Or so I see the best chance you folks have in stopping A 2371.

Rick Jaffe, Esq.

What’s Next, and Stay On-Message at the Cali. Assembly Health Committee SB 276 Hearing Next Week

What’s Next, and Stay On-Message at the Cali. Assembly Health Committee SB 276 Hearing Next Week

Yesterday, it was announced that the Assembly Health Committee would hold its hearing on SB 276 on June 20th.

I have two pieces of advice, the first of which is in part self-serving.

I once asked a very busy and successful Hollywood personality/author/entrepreneur how she managed to juggle so many different ventures and activities. She told me that she had a simple rule: She just focuses on “what’s next”, and once the current thing is done, she moves on again to what’s next. Easy for her since she has multiple assistants who lined-up the series of what’s next tasks. Still, I think it applies to the movement to defeat SB 276.

What’s next in the battle is Friday’s action against the San Francisco City Attorney’s effort to subpoena Ken Stoller’s medical records of his vaccine exempt patients. Here is the link to the event page.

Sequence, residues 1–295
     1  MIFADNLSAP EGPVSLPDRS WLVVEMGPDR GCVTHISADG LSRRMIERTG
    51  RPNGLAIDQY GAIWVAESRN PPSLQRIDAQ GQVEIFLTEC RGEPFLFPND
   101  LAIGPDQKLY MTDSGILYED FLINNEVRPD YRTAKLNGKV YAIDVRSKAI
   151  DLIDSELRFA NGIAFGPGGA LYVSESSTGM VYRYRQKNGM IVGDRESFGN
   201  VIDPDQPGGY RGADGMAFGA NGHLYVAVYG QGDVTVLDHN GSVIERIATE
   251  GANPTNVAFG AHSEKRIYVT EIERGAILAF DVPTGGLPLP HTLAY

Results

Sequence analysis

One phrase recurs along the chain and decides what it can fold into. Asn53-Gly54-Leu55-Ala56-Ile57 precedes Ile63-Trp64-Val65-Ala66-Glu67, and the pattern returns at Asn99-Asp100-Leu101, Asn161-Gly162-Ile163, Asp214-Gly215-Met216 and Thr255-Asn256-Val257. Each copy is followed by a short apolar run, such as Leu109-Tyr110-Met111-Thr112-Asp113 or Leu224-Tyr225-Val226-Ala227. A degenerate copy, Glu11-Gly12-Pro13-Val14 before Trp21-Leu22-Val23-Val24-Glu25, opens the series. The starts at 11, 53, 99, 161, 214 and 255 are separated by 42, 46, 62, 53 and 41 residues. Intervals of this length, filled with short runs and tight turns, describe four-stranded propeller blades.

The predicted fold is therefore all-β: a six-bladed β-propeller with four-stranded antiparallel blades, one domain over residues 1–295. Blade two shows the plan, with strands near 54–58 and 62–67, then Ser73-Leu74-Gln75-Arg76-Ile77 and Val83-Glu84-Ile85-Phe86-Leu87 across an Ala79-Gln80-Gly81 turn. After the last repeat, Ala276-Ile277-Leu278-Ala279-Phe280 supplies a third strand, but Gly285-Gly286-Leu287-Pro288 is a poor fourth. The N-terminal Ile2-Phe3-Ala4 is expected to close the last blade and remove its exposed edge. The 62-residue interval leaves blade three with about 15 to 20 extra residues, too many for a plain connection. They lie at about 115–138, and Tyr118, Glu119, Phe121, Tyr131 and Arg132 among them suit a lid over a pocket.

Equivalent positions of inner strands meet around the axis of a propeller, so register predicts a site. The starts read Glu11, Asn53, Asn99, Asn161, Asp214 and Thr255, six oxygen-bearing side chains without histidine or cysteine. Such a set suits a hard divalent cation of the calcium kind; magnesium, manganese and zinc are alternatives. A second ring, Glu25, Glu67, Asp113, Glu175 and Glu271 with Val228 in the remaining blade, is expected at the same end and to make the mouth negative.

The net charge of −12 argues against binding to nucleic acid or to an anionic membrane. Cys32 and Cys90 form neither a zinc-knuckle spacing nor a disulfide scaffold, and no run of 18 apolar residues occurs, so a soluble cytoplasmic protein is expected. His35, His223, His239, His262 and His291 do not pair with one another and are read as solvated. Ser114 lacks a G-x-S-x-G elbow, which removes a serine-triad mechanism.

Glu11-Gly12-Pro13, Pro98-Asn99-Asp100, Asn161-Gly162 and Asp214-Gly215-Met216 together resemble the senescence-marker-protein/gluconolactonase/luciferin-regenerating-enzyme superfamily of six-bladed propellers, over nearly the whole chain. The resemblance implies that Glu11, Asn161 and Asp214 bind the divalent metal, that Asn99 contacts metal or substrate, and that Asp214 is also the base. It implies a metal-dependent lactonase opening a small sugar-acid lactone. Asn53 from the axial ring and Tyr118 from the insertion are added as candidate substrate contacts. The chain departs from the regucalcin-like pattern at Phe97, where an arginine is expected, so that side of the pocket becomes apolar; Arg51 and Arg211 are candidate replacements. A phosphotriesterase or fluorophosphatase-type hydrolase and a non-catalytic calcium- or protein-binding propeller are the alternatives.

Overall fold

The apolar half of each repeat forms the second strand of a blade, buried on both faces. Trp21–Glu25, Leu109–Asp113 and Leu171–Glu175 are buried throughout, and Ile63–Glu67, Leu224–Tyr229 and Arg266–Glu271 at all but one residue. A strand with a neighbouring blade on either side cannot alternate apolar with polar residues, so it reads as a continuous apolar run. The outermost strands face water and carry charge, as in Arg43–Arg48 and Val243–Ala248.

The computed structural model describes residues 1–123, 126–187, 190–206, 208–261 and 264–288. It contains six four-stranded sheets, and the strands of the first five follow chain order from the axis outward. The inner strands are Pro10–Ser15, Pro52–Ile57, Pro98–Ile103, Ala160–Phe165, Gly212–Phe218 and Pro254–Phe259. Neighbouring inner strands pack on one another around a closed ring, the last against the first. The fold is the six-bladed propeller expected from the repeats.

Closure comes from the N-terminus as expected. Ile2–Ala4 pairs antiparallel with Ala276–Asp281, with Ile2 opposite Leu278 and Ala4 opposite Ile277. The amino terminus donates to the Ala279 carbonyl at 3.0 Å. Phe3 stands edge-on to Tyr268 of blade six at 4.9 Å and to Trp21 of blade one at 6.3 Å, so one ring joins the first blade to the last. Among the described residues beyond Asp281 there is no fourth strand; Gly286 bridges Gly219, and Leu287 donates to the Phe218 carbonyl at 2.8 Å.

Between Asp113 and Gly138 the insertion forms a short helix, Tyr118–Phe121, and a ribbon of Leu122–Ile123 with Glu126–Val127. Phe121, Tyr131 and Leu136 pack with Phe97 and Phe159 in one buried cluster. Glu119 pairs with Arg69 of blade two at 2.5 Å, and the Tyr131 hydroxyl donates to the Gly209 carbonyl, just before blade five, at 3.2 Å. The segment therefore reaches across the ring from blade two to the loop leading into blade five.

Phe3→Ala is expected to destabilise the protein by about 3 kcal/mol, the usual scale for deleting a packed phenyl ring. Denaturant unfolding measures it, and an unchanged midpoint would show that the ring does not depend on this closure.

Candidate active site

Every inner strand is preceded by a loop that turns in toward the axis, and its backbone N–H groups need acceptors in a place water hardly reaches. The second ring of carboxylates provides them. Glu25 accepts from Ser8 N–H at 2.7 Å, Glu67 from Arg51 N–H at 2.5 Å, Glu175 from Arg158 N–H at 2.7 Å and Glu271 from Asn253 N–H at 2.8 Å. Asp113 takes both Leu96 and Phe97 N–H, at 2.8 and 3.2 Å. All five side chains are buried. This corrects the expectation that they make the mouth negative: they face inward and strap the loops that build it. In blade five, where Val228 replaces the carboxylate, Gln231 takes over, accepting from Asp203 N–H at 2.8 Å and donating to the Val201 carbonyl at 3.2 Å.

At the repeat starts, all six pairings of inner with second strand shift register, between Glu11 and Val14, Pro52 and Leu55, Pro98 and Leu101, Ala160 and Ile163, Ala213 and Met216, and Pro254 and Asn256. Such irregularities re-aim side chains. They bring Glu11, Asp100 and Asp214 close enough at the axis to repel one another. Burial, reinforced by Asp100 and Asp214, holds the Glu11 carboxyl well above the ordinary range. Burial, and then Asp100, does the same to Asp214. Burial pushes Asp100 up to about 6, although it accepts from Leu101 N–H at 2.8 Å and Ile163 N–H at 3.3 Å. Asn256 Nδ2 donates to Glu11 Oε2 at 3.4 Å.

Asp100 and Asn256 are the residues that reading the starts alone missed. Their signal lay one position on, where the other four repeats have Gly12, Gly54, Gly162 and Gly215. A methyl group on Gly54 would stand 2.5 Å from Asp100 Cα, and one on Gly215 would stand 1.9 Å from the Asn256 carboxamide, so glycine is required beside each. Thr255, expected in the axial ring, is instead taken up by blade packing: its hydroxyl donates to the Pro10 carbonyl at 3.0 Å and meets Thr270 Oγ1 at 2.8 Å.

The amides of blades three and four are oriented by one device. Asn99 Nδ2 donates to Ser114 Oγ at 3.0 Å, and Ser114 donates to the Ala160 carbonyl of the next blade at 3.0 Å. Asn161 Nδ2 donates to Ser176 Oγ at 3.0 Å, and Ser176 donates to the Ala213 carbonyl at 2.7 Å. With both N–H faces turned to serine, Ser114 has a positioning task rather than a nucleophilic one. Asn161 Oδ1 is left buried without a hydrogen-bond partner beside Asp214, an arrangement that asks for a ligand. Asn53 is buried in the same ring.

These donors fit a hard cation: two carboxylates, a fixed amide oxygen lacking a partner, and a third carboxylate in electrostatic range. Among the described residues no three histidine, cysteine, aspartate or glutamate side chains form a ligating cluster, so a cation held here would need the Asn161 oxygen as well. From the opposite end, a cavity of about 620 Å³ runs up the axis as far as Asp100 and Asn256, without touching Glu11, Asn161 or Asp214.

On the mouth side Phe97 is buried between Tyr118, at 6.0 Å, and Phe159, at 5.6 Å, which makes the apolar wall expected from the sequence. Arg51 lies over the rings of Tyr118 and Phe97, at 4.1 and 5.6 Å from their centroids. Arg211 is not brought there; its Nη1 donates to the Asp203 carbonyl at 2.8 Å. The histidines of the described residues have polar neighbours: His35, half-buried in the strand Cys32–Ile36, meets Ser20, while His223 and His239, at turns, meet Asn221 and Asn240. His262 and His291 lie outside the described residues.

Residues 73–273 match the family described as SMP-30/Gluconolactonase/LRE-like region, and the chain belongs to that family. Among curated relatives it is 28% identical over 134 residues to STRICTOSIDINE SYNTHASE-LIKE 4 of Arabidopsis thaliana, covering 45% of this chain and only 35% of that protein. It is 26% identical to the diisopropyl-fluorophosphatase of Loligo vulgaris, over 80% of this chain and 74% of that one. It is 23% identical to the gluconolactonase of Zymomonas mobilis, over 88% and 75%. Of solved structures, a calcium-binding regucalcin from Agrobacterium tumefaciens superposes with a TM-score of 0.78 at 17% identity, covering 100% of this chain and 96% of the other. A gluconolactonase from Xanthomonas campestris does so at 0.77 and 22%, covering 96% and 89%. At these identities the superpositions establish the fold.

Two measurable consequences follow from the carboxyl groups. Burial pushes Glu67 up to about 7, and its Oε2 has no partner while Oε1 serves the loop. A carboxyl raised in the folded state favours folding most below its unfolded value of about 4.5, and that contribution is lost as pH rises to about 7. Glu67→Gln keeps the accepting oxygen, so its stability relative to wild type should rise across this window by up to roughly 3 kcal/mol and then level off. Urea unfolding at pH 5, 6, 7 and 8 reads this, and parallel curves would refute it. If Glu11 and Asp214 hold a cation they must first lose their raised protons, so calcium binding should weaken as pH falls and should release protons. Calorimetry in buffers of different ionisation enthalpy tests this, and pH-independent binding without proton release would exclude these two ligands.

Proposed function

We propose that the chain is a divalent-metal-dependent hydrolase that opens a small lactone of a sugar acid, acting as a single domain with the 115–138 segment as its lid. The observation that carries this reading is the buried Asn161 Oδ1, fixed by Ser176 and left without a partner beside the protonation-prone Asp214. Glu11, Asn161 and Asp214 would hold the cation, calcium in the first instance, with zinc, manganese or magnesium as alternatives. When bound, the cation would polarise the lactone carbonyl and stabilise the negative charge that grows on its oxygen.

The physical event starts at the San Francisco Chronicle’s Office. The message is that the media does not give fair or adequate coverage to the vaccine debate, and particularly the serious and permanent injuries caused by vaccines, a fact which is accepted by the federal judiciary and the Congress that granted the vaccine manufacturers absolute immunity from suit.

The event then moves by-foot to the San Francisco City Attorney’s Office with the message that the City Attorney withdraw the subpoena, and that physicians have (and should continue to have) the discretion to issue medical vaccine exemptions based on factors broader than CDC contraindications, which is exactly what Ken Stoller is doing, and he is following the law (SB 277) exactly.